• Krisp for never having to worry about noise in video calls again
  • macOS-only:
    • Things for a low-effort and pretty way to capture tasks
      • Shout out to Emacs Org Mode, though, which I used for several years prior.
    • Alfred for a slightly faster Spotlight
    • Karabiner-Elements for fixing macOS’s insane keyboard problems
    • SensibleSideButtons to fix the forward/back buttons on my mouse
    • Rectangle for window hotkeys
    • Dropover for making drag and drop ridiculously easy
    • MultiTimer for naming timers and counters
    • Intermission for resting eyes every 20 minutes to avoid eye strain
    • AlDente to limit the maximum charge percentage to 60% when plugged in, preserving battery life in the long term
  • Linux-only:
    • i3 for an efficient tiling window manager. (Sway is another option, but Wayland still has a lot of rough edges wrt screen sharing and cursor lag, so I wouldn’t recommend unless it’s required, e.g. for a mixed DPI setup.)
      • Flameshot for a powerful snipping tool
      • Redshift for making screens nicer in the dark
      • kitti3 for a quake-style dropdown terminal in i3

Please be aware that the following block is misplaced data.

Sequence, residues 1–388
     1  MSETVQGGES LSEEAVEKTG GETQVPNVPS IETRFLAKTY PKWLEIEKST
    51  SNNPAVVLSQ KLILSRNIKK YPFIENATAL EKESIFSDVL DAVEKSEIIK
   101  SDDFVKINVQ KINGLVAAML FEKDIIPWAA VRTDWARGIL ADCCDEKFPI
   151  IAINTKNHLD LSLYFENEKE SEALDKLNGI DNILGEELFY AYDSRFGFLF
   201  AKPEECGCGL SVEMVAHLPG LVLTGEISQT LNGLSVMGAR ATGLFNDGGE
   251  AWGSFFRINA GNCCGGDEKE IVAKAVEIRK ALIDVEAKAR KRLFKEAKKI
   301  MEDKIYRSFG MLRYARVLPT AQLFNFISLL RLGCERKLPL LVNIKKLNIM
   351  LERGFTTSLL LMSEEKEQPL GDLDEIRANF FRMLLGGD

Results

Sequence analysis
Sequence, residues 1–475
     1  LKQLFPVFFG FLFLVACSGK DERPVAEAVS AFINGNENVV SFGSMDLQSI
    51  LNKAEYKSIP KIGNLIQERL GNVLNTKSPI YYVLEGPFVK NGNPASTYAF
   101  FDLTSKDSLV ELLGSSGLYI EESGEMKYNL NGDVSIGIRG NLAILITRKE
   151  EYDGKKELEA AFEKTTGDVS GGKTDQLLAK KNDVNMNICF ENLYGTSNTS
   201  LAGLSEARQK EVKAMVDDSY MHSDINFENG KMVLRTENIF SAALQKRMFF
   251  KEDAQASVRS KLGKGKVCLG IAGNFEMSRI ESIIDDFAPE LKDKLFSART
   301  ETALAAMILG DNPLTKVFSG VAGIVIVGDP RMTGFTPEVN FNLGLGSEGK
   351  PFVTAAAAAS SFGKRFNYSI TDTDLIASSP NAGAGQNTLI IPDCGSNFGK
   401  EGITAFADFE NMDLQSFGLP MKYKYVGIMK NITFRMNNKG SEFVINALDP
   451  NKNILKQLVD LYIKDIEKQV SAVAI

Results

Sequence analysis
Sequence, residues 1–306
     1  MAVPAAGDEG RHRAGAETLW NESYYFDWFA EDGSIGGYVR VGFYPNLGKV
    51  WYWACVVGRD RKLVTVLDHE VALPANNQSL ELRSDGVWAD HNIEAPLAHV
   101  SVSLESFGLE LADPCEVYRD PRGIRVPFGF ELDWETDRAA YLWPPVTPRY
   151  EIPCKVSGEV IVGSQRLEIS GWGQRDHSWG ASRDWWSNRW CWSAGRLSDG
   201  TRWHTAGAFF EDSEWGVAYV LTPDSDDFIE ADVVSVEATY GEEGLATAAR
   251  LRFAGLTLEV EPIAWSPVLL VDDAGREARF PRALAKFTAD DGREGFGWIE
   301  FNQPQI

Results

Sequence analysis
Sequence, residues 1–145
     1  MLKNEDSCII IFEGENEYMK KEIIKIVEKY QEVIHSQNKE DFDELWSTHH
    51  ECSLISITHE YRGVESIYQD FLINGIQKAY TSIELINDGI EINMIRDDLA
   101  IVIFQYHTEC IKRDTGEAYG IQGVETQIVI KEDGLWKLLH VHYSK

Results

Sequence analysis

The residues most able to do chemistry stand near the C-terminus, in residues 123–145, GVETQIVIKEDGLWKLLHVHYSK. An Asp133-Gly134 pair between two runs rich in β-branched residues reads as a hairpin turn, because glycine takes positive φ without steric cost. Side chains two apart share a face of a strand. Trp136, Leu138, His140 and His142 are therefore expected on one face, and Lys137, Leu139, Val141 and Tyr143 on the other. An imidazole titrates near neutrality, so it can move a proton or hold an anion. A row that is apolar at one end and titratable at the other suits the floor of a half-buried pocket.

• xidlehook for a better idle locker daemon
    • PulseEffects + Pipewire for noise suppression that’s only slightly buggier and lower quality than Krisp


  • Anki for learning a language (currently Chinese!)
  • RemNote for a powerful knowledge base and amazing flashcard system
    • I tried Roam. It was okay, but it felt kind of cobbled-together (markdown? paste random js into your editor to add plugins? no spaced repetition by default?). RemNote is definitely buggier, but I feel that it wins out just because it seems like it got the data structure right.
  • Instapaper for queuing things to be read later without getting distracted in the moment
  • Mathpix Snip for amazing screenshot-to-LaTeX abilities
  • macOS-only:
    • GoodNotes for handwritten notetaking
    • Apple Books for a book syncing system that works well enough
      • I also used to use Calibre, but I realized that I don’t really need all of its complexity.



  • Element for an open-source, end-to-end encrypted chat application with nice UX


For More Information

If you have any questions about stuff here, or just want to talk, feel free to reach out any time.